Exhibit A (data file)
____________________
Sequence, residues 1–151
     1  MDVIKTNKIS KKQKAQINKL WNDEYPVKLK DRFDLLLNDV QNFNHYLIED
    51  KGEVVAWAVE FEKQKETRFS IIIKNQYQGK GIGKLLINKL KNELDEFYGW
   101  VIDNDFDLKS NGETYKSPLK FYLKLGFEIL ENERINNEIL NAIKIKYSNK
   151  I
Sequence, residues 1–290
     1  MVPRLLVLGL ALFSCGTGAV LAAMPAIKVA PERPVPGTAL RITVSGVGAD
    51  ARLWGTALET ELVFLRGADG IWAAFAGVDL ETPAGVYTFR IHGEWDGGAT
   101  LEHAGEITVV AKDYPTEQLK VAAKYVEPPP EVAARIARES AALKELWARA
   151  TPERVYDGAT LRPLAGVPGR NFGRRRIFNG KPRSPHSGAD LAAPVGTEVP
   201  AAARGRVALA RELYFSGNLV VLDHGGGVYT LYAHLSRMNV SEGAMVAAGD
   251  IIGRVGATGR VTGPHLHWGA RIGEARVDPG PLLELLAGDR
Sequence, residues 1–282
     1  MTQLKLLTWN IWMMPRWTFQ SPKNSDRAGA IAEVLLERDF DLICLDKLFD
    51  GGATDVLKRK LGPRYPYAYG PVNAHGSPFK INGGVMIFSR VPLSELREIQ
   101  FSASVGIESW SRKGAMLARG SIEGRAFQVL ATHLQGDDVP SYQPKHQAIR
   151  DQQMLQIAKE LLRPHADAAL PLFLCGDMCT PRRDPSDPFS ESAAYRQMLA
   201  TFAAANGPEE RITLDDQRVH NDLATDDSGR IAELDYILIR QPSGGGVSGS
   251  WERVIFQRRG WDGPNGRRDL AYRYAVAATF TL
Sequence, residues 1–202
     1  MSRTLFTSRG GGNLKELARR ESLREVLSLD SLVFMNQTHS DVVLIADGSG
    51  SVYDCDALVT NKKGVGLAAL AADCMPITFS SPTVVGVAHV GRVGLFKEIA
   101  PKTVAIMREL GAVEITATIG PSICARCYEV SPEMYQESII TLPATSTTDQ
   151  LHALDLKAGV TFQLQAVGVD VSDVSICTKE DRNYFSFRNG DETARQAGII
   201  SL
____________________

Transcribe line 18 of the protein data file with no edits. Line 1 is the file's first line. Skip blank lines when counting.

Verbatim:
   201  TFAAANGPEE RITLDDQRVH NDLATDDSGR IAELDYILIR QPSGGGVSGS